Tribe Mentality

The Nomad MBA has come to an end in a beautifully, cyclical fashion.

Tribe Mentality


The Nomad MBA has come to an end in a beautifully, cyclical fashion. Today, I fly out of our final destination, Vietnam exactly five months since I found out I was accepted into the Nomad MBA; since the unceremonious call at 5am in the morning from an unknown, British number; since my life took a crazy detour with this tribe.

Five months since this guy called me up and told me I had been accepted into the tribe. From our very first Skype call to almost not laughing after a minute looking into his eyes, I am grateful and proud of Zeeger, Andy and Harry for what they have achieved with this program.

I’m also leaving Hanoi, a place that has felt strangely familiar after my short visit earlier this year. I started the year in awe of the sense of adventure this country demands and a guttural desire to go lie on a beach, the stresses of work behind me. Being back now, towards the end of the year, I can’t help but see how this city, this country and especially Halong Bay continues to have a grip on my wanderlust and my dreams. It’s been the perfect bookend to what has been a crazy year.

I’ve already tried to put into words what the Nomad MBA experience has meant to me. From the moment I saw the ad for this crazy program, I knew that this was the start of something special and that I wanted to be a part of it.

“Travel + study + a dedication to yourself and personal growth? What more could a girl really ask for?”

But anyone can go on a meditation retreat, or even just to Bali to recharge. Anyone can go on a transformative trip and find space for self-care.

What made the Nomad MBA truly unique?

It was clear from the very beginning — at our bonding weekend.

first graduation.png

It is this community.

20 individuals from all around the world, from completely different backgrounds and all with different journeys that had brought them to this point in their lives where they went fuck it and clicked on ‘get invite.’

We all came lost but didn’t know what it was we were looking for. Maybe it was just a recharge, a sabbatical before returning back to our lives with a better perspective. Maybe it was to switch industries. Maybe it was even to pursue life as a digital nomad or entrepreneur.

No matter what, we all came with the intention of seeking a change — big or small, internal or external. And it is this commitment that will continue to strengthen these bonds wherever we all end up.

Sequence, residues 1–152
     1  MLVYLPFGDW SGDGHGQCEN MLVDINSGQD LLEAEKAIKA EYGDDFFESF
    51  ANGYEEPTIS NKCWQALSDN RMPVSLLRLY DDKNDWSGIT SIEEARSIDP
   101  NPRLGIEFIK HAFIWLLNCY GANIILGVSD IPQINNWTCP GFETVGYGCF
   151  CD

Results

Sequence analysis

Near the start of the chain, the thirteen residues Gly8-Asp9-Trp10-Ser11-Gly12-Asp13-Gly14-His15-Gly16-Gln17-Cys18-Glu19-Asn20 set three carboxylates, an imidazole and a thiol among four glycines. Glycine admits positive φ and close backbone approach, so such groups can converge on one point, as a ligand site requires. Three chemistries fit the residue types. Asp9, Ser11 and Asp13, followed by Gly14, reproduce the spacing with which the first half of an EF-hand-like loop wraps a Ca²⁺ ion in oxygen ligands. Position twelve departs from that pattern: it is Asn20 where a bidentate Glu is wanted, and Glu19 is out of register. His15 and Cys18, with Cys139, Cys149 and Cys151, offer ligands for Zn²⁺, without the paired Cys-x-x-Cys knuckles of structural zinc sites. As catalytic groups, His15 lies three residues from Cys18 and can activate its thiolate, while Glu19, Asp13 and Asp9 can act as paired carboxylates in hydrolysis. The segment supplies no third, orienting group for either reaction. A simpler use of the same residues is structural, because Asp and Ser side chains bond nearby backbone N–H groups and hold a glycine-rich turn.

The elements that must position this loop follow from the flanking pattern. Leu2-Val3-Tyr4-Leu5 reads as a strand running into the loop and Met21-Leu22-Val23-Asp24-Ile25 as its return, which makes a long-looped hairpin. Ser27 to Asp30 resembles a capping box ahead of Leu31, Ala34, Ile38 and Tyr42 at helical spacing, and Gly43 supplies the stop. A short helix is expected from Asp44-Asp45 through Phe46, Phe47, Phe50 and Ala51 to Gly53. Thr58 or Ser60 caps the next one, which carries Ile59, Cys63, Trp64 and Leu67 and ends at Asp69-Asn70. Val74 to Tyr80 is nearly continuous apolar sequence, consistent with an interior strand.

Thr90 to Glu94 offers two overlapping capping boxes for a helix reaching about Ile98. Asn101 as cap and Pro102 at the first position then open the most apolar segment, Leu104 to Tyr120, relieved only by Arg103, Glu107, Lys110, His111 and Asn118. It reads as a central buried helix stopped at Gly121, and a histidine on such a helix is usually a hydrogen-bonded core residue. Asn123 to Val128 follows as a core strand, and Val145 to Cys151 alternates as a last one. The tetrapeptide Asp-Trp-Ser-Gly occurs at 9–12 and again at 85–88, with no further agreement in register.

I am grateful for this tribe, for this family of lost and crazy souls. Thank you for the times that we’ve shared and the personal jokes you just had to be there for. Thank you for your passion, your love, for sharing that you too have felt lost. I have sought comfort, inspiration and courage in each of you.

“But most of all, thank you to this tribe for seeing me, all of me and not just the me I thought I needed to be with you”

Halfway through this trip, I realised that I felt more lost than I had felt before I started. Wasn’t this trip supposed to fix everything? Wasn’t I supposed to be happy and free all the time?

I realised that I wasn’t just lost about who I wanted to be — but how that person fit into the world. How did I relate to the people around me — lift them up or bring them down When I could realise how people’s energies and ways of being that automatically radiated from them was able to affect me so much, what did that mean for how I affected them in the moments when I wasn’t ‘on.’

“There’s no better group to see that in you than a group of people like this tribe who have been with you through our crazy experiences and every emotional rollercoaster”

Somehow, they saw the person I always wanted to project but never felt that I genuinely was. They saw more potential and power in a girl when all I could think was how I could hide the fact that she might be fake.

I’ve spent much of my life thinking that I needed to prove people wrong — that I wasn’t an immigrant Asian stereotype, that I wasn’t just another feminist, that I wasn’t that young or that smart. I thought I had to be different people to others. I compartmentalised the parts of myself where it was convenient so I would never be misjudged nor underestimated. But I also found the easiest way to breakthrough all the misconceptions was slapping on a strong Aussie accent and trying to be the life of the party.

Sure, I am the girl that loves a good party and a bucket or two. I can’t even pretend that I’m not the small Asian girl who’s a little bit nerdy and geeks out over Harry Potter.

But I’m also a boss ass Beyonce bitch who gets shit done but does not stand for misogyny. I’m a basic bitch living the millennial dream and finding herself while eating avo toast through Southeast Asia. I dance because it makes me happy and I thrive on an empty dancefloor. I am a social media marketer and a writer and a feminist. I’m even a little broken inside, a little dark and twisted, often masking my pain with alcohol and dirty jokes. I’m anxious and second guess myself.

I am all of those things but none of those things. The list will continue indefinitely because the best way to introduce me is just to say, I’m Tiff. And I’m still working on who that might be — or at least come to terms with the fact that I may never know.

This tribe somehow saw that, recognised that, had faith in her. I cannot thank them enough for that. This can all be summed up in one quote that was shared with me in a letter.


Latin America, 2018


Latin America, 2018